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Explained: Why new Uttarakhand CM wants no ‘rok-tok’ on Kumbh crowds

On March 11, over 32 lakh devotees had turned up in Haridwar on the first shahi snan on Maha Shivratri, and the crowd is expected to swell on the upcoming shahi snans on April 12, 14 and 27.

The Kumbh Mela is taking place in Haridwar, with the Centre advising that the number of devotees be capped as Covid-19 cases rise in Uttarakhand. Yet the new Chief Minister, Tirath Singh Rawat, has been insisting that the Mela should be “open for all”. This is in contrast with the approach of his predecessor, Trivendra Singh Rawat, who had backed the Centre’s guidelines and said no risk should be taken that might make Haridwar another “Wuhan” or “markaz”.

When officers cited the Centre’s guidelines, Tirath said he would answer to Prime Minister Narendra Modi, Union Home Minister Amit Shah and BJP national president J P Nadda on this. The key to fighting Covid-19, he has told them, is in following the Centre’s guidelines like wearing masks and use of sanitisers, but there would be no rok-tok (impediments).

On March 11, over 32 lakh devotees had turned up in Haridwar on the first shahi snan on Maha Shivratri, and the crowd is expected to swell on the upcoming shahi snans on April 12, 14 and 27.

As of Friday, there were 728 active cases in Uttarkahand, with Haridwar recording the highest at 248. This is up from 463 active cases in the state (141 in Haridwar) only a fortnight earlier; since then, 1094 new cases have been detected. Yet there are several reasons that could explain the CM’s insistence on bringing in the crowds, with precautions:

Politics & religion

For the BJP, it is politically important not to upset the seers at the Kumbh Mela. Sources in the government said the strict conditions this year — a curtailed duration and stringent rules related to permission for entry in the Mela area — had conveyed a message that the BJP government was stopping people from taking part in a religious event.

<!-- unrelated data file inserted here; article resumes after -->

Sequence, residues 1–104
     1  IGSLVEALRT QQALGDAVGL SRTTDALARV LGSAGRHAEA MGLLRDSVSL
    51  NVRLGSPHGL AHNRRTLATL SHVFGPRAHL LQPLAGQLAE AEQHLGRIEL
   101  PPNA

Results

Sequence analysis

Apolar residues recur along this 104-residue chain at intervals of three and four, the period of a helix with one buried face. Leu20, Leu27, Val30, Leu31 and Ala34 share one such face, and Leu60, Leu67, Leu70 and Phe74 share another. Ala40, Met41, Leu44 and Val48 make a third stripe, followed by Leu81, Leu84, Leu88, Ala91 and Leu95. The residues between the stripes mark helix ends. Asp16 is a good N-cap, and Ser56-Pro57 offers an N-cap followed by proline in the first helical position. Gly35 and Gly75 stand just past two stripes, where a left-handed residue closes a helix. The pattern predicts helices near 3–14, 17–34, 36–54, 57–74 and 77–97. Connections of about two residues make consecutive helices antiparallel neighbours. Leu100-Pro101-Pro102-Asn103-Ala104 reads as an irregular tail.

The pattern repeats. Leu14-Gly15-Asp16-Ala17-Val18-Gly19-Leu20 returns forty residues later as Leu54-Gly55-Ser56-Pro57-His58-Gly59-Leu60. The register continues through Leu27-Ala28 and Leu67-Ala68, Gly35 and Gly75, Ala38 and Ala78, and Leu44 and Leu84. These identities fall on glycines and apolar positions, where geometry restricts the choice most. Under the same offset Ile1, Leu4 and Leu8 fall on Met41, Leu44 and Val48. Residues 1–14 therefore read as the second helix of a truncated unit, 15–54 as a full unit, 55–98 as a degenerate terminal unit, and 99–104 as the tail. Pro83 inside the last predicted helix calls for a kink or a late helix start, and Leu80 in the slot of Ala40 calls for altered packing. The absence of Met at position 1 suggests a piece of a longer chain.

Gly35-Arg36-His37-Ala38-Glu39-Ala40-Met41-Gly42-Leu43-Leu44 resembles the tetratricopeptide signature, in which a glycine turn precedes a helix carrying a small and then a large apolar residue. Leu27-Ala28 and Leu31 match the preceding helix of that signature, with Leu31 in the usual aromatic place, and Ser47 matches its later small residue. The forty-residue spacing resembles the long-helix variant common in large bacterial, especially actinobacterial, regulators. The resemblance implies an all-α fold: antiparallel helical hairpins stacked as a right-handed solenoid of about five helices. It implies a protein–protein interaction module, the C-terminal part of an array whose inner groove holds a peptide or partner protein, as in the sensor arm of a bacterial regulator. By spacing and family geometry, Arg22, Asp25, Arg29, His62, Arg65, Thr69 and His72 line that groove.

Akharas and seers, and devotees who had been waiting for taking holy dip at Har ki Pauri for the last over one decade since the last Kumbh in Haridwar in 2010 — when seven million devotees attended — were questioning why there should be such restrictions on a religious event when huge crowds are turning up in election rallies and roadshows of leaders in states like West Bengal and Assam. In fact, if seers and office-bearers of various Akharas are upset, there is a sense that it could harm the party in elections in those states as well.

The Kumbh Mela was on top of the agenda of Tirath’s first meeting with officers after taking oath. He directed that flowers be showered from helicopters on devotees doing shahi snan. The following day, Tirath himself visited Haridwar, showering flowers on seers, and sought their blessings. “There is no strictness. But Covid guidelines should be followed… It’s open for everyone,” Rawat said there. 📣 Express Explained is now on Telegram. Click here to join our channel (@ieexplained) and stay updated with the latest

Economics

The lockdown last year had hit tourism with the Kanwar Yatra cancelled and the Char Dham Yatra starting late and on a limited scale. The local hospitality sector was hoping for a revival in the Kumbh Mela, and had staged a demonstration in Haridwar last month demanding that “SOP hatao, Kumbh karao”.

“The conditions in the SOPs sent a negative message. There were hardly any tourists until the first week of March, and even tourists to places other than Kumbh were hesitating to come,” said Ashutosh Sharma, president of the Hotels’ Association in Haridwar. “But then the new CM said there will be no rok-tok, and devotees turned up in huge number on Mahashivratri from Haryana, Delhi and Western UP. Hotels are getting advance bookings from April 5 onwards from across the country,” he said.

There are more than 500 hotels in the Mela area and over 600 dharmshalas; all are booked from April 1 onwards.

Sanjeev Nayyar, general secretary, Prantiya Udyog Vyapar Pratinidhi Mandal, said the SOPs remain. “Everyone will follow those… But the previous CM’s remark about ‘markaz’ had created among devotees a sense of fear that after arriving from faraway places, they might be hospitalised or put in isolation even if they had high temperature or cough. The new CM’s message of ‘open for all’ has ended those fears.” Nayyar’s association has sought an appointment with CM Tirath to express their appreciation.

The saint fraternity

The Chief Minister is visiting Haridwar again on Saturday, March 20.

In an address to BJP workers, the CM said he has directed officials to let people travel to Kumbh because Akharas are taking out processions without an audience. Sources said Akharas and other bodies of seers raise funds during Kumbh Mela to sustain themselves. Akharas have followers from across the country, who stay in camps to attend religious programmes including discourse sessions and make donations. Akharas too spend on preparations for the stay of followers, and other seers too receive donations from devotees during the congregation.

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